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Re: Abstinence Only Sex Ed: 65 out of 490 Girls Pregnant in Ohio School

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  • Dave Land
    ... Amen, brother! Like when they killed that Jewish reformer in Jerusalem a couple of thousand years ago. His lot went underground and nobody ever heard from
    Message 1 of 112 , Aug 31, 2005
      On Aug 31, 2005, at 2:48 AM, William T Goodall wrote:

      > On 31 Aug 2005, at 3:42 am, Doug Pensinger wrote:
      >
      >> William wrote:
      >>
      >>> Most of all it needs to be banned.
      >>
      >> Banning it is the best way to ensure that it flourishes.
      >
      > It would drive it underground. The number of people infected would
      > be reduced and its influence in public affairs mostly silenced.
      > Whether it would then wither away naturally or have to be rooted
      > out is hard to judge.

      Amen, brother!

      Like when they killed that Jewish reformer in Jerusalem a couple of
      thousand years ago. His lot went underground and nobody ever heard
      from them again.

      No, actually, a couple of generations later, a bunch of them turned
      up in Rome. Thankfully, that nice boy Nero did us all a favor by
      burning them as torches along his way and fed a bunch of 'em to
      lions. That sure shut them up, eh?

      Sheesh. Do you EVER think before you write?

      Dave
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    • Dan Minette
      ... From: Robert J. Chassell To: Sent: Sunday, September 25, 2005 3:58 PM Subject: Re: Brave New Genetic
      Message 112 of 112 , Oct 10, 2005
        ----- Original Message -----
        From: "Robert J. Chassell" <bob@...>
        To: <brin-l@...>
        Sent: Sunday, September 25, 2005 3:58 PM
        Subject: Re: Brave New Genetic Frontiers


        > > Off hand, I cannot think of a shorter sentence that includes all
        those
        > > concepts.
        > >
        > > It would be great if someone else can.
        >
        > To which Dan Minette said
        >
        > I think the question can be expressed.
        >
        > Is the natural tendency for a population to disperse in gene space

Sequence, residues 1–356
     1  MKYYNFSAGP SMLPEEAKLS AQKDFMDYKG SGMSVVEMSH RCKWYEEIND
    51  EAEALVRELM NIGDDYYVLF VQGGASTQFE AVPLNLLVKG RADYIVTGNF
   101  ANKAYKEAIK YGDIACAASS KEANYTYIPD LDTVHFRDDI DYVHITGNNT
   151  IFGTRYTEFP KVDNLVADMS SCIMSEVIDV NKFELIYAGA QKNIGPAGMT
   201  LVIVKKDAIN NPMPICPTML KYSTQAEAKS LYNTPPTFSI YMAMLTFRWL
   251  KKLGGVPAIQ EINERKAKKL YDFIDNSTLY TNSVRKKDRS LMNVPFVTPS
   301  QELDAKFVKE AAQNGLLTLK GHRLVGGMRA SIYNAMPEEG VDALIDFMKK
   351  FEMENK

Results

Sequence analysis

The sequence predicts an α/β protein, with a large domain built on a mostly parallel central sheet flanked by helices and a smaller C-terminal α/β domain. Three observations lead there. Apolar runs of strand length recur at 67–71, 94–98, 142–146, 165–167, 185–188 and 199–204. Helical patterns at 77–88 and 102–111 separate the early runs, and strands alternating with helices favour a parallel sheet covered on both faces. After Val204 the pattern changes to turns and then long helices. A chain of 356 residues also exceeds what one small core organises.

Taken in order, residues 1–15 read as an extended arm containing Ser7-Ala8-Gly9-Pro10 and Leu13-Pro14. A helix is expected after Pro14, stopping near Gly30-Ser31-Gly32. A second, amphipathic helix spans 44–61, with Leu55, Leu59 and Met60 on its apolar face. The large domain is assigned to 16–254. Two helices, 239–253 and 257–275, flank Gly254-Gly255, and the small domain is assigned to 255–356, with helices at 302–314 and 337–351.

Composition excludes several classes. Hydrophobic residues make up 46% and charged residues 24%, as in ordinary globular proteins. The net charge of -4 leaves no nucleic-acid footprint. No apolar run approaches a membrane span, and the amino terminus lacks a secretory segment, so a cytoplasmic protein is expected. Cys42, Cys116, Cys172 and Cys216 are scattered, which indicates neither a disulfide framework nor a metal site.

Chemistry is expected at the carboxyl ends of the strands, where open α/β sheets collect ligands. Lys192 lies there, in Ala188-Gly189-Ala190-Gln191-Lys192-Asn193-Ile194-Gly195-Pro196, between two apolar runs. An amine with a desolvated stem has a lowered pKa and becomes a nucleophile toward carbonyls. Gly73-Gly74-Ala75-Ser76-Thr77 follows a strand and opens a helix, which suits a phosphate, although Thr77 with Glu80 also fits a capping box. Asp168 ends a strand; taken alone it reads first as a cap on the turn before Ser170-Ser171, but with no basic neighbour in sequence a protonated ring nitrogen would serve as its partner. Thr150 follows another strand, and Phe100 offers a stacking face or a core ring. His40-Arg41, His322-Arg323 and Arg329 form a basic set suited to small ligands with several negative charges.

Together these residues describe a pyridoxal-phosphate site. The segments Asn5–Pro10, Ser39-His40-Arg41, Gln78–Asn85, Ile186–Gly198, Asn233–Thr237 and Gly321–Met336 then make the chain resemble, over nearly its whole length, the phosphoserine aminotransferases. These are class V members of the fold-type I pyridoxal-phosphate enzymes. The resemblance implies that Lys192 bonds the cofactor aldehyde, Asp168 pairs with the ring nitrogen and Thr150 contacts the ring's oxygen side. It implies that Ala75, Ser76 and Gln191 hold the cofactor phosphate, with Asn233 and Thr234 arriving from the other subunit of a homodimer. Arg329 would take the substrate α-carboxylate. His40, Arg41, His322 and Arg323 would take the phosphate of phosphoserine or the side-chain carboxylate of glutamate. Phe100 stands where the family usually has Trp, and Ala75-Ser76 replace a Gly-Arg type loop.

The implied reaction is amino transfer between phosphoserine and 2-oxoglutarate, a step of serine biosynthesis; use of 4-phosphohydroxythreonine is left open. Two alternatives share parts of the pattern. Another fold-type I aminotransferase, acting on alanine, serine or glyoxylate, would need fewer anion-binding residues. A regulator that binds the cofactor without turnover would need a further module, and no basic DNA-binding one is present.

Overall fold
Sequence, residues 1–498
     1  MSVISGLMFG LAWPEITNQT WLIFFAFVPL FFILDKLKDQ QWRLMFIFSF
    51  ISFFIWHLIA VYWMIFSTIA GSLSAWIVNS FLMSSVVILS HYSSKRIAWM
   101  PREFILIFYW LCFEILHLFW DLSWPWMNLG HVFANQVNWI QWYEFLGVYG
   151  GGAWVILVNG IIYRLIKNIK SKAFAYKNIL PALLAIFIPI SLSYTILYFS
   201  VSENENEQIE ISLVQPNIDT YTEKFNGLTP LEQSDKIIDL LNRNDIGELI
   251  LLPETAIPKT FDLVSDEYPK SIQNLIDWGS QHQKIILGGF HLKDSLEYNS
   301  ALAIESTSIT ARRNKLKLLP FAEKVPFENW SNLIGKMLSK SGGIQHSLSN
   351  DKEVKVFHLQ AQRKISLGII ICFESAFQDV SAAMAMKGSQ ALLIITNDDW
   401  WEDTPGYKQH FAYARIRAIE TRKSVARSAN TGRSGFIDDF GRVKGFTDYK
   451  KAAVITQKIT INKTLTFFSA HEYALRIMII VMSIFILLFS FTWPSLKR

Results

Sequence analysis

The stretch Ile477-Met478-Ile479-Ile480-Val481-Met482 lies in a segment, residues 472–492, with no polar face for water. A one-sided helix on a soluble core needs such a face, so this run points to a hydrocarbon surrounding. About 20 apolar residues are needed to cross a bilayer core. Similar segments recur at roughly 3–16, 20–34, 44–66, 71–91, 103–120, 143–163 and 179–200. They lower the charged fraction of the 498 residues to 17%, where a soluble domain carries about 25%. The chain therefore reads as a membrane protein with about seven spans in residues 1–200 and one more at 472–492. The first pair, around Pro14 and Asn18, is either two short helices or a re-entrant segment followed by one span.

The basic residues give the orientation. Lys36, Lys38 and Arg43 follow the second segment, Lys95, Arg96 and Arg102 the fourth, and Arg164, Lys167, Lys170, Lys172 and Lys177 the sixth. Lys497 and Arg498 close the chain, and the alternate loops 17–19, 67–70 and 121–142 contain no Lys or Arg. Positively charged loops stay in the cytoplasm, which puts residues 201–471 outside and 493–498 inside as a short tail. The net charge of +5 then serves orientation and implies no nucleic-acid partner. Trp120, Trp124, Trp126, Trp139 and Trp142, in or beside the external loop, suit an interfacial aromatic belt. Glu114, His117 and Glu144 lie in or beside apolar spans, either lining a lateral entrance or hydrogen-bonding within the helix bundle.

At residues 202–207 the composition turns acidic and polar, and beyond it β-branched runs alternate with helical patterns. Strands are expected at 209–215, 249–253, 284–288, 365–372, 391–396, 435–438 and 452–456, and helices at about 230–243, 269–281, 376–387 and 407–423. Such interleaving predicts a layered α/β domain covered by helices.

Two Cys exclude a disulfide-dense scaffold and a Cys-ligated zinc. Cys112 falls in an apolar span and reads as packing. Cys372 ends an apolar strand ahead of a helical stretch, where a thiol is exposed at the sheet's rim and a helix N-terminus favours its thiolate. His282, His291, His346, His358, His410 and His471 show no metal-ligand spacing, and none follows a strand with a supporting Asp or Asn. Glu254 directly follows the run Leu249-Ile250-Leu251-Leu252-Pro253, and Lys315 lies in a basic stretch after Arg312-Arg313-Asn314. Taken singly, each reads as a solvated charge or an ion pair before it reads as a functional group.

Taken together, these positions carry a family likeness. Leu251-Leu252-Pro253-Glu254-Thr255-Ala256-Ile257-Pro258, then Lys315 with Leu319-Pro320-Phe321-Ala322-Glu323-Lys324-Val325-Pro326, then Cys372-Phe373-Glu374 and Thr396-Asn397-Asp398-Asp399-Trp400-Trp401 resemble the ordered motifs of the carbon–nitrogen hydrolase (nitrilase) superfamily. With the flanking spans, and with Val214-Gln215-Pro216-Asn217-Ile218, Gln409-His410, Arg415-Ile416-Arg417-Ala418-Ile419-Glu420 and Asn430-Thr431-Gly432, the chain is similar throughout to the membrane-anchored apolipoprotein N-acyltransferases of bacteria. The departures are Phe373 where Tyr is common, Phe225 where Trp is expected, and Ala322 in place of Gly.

> through random mutations (in the absence of a natural selection
        > induced focus in gene space) sufficient to explain the existence
        > of blind cave fish.
        >
        > That is an interesting way to ask the question. It certainly focuses
        > attention on populations over time. But why talk about a case which
        > specifies the `absence of a natural selection induced focus in gene
        > space'?

        Because I think that's what is happening. From what I've read in this
        thread, the blindness is not the result of the eye structure totally
        disappearing, but the result of a key component disappearing. Thus, the
        advantage in efficiency afforded by this small change should not be a key
        factor in it's existance. If it were, wouldn't the advantage of
        eliminating the rest of they eye cause those parts to disappear too.

        Rather, I think one can look at the genetic tendencies to blindness that
        exists in humans now. They are rare for good reason: until very recently
        (compared to the time needed for genetic changes) blind people didn't get
        to pass their genes along. Blind lions, blind deer, etc. are at such a
        disadvantage, we do not expect them to be able to pass their genes along.
        But, in a cave, blind fish can pass their genes along. With the
        elimination of the pruning of the blind, blind cave fish developed.

        > It is like talking about one of Newton's laws
        >
        > "force is the product of mass and acceleration"
        >
        > while overtly leaving out the concept of mass.

        Actually, it's like talking about the path of a rock wirled around on a
        string after the string breaks while overtly leaving out centripital force.

        > The answer to your question has to be: to get blind fish without
        > selection is improbable.

        Why? Why can't genetic drift explain the process?

        Dan M.

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